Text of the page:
The homeowner won’t have to pay interest on the incentive, but the money must be paid back after 25 years or when the property is sold, whichever occurs first.

The government will share in the upside or downside of any change in property value. Government officials explained in a technical briefing that when the time comes for a property owner to pay back the incentive, the value of the incentive will be increased or decreased by the same percentage that the overall value of the property has risen or fallen.

Story continues below advertisement

An example released on Monday provides an illustration of how the program could work. A $500,000 home could be purchased with a minimum 5-per-cent down payment of $25,000, which must be funded by the buyer. If it is a newly built home, the home buyer could qualify for an additional 10-per-cent down payment top-up from the government, worth $50,000, which would be registered as a mortgage on the property. Because the buyer still does not have a 20-per-cent down payment, the mortgage must also be insured, which adds a further $11,900 insurance premium to the mortgage amount, bringing the total mortgage to $436,900.

That would require a monthly mortgage payment of $2,187, which is a savings of $286 a month or $3,430 a year, compared with a mortgage without the $50,000 government loan. The only caveat is that the $50,000 incentive must eventually be paid back to the government, plus 10 per cent of any future increase in value of the property.

Paul Taylor, chief executive officer of Mortgage Professionals Canada, which represents people working in the mortgage-brokerage sector, said on Monday the mortgage industry is going to incur costs building the technology and documentation to offer this program, but many are not optimistic it will be widely used because the total mortgage size is so restricted.

“We think it’s definitely going to have very regional application,” he said. “In the two most expensive cities, where we would suggest first-time home buyers need the most support, this solution is not really going to do that."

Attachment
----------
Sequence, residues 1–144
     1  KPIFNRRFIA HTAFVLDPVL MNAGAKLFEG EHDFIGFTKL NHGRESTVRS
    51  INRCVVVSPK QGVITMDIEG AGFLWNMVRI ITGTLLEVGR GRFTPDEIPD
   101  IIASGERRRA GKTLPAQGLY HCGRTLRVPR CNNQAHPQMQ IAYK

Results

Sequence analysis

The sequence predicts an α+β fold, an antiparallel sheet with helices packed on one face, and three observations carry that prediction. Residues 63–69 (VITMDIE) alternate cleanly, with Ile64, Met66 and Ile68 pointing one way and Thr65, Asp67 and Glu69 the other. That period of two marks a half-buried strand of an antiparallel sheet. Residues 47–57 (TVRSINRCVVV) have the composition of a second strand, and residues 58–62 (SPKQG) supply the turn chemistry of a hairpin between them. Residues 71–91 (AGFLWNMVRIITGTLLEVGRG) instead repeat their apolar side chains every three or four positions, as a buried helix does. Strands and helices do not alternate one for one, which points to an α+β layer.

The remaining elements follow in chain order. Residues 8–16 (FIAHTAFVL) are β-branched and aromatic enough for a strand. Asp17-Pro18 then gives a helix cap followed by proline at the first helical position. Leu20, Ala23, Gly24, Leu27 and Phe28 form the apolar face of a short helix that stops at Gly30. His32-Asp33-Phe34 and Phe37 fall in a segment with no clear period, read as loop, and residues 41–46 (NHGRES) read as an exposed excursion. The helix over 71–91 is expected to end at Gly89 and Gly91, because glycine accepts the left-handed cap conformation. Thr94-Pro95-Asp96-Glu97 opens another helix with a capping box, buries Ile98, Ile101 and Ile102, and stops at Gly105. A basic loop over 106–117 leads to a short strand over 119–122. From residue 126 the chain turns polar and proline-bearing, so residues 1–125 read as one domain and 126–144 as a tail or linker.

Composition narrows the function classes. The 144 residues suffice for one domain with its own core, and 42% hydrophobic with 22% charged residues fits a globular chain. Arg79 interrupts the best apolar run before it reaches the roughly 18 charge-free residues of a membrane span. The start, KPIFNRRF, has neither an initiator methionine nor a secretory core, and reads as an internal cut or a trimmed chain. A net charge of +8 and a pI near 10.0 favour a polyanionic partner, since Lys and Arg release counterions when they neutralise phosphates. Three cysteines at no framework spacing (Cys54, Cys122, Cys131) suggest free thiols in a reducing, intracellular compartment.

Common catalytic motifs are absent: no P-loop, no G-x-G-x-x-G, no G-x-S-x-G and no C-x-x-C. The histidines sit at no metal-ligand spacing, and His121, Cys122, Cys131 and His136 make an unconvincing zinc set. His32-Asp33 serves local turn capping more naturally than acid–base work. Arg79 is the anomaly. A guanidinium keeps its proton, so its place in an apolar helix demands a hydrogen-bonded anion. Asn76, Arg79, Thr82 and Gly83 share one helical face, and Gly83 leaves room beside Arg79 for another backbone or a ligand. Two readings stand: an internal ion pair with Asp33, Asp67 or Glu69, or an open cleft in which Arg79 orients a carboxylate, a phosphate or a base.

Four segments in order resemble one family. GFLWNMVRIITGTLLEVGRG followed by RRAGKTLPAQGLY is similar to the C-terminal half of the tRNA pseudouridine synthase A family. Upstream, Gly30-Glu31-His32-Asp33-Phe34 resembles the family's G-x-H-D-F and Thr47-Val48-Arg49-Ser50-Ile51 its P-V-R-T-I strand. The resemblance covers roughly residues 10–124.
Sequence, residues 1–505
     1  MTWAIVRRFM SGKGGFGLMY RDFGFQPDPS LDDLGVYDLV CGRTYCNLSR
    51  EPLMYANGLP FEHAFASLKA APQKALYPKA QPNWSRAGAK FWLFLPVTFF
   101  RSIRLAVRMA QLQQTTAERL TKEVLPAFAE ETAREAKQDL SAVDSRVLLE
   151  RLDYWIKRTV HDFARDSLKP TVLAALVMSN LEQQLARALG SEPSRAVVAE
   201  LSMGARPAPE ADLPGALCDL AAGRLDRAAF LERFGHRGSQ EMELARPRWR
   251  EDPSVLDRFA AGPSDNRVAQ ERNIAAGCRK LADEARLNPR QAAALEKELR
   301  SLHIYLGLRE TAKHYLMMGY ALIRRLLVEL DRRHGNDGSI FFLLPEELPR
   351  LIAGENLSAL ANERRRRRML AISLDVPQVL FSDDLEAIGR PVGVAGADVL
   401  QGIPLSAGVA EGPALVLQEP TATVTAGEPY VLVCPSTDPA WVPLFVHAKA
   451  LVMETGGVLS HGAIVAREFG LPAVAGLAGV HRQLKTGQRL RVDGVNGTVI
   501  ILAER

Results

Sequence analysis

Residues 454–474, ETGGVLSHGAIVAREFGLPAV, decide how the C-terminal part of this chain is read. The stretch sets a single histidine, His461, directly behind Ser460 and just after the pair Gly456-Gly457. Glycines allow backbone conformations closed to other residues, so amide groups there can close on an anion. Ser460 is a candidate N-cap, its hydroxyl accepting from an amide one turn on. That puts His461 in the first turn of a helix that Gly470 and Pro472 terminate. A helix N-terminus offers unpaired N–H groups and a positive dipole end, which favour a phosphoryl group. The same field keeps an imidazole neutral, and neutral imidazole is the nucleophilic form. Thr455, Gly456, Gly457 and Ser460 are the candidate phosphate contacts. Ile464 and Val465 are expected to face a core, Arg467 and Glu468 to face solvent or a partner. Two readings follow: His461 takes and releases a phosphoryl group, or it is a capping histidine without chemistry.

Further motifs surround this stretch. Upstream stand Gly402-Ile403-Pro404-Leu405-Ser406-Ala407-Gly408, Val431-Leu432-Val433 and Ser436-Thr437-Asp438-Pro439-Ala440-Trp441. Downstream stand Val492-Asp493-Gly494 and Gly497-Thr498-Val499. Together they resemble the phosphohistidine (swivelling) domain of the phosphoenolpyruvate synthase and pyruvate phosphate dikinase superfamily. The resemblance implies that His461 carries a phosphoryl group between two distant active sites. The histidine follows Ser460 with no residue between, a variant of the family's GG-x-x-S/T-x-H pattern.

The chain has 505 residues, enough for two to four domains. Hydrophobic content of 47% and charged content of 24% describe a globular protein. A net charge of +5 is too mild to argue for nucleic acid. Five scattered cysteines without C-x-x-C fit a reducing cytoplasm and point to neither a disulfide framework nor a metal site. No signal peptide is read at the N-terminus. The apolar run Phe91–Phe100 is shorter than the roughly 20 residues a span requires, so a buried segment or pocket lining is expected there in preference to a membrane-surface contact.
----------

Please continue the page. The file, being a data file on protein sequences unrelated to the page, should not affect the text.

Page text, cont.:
Report an error Editorial code of conduct
Due to technical reasons, we have temporarily removed commenting from our articles. We hope to have this fixed soon. Thank you for your patience. If you are looking to give feedback on our new site, please send it along to feedback@globeandmail.com. If you want to write a letter to the editor, please forward to letters@globeandmail.com.

Welcome to The Globe and Mail’s comment community. This is a space where subscribers can engage with each other and Globe staff. Non-subscribers can read and sort comments but will not be able to engage with them in any way. Click here to subscribe.

If you would like to write a letter to the editor, please forward it to letters@globeandmail.com. Readers can also interact with The Globe on Facebook and Twitter .

Welcome to The Globe and Mail’s comment community. This is a space where subscribers can engage with each other and Globe staff. Non-subscribers can read and sort comments but will not be able to engage with them in any way. Click here to subscribe.

If you would like to write a letter to the editor, please forward it to letters@globeandmail.com. Readers can also interact with The Globe on Facebook and Twitter .

Welcome to The Globe and Mail’s comment community. This is a space where subscribers can engage with each other and Globe staff.

We aim to create a safe and valuable space for discussion and debate. That means:

  • Treat others as you wish to be treated
  • Criticize ideas, not people
  • Stay on topic
  • Avoid the use of toxic and offensive language
  • Flag bad behaviour

Comments that violate our community guidelines will be removed.

Read our community guidelines here

Discussion loading ...

Cannabis pro newsletter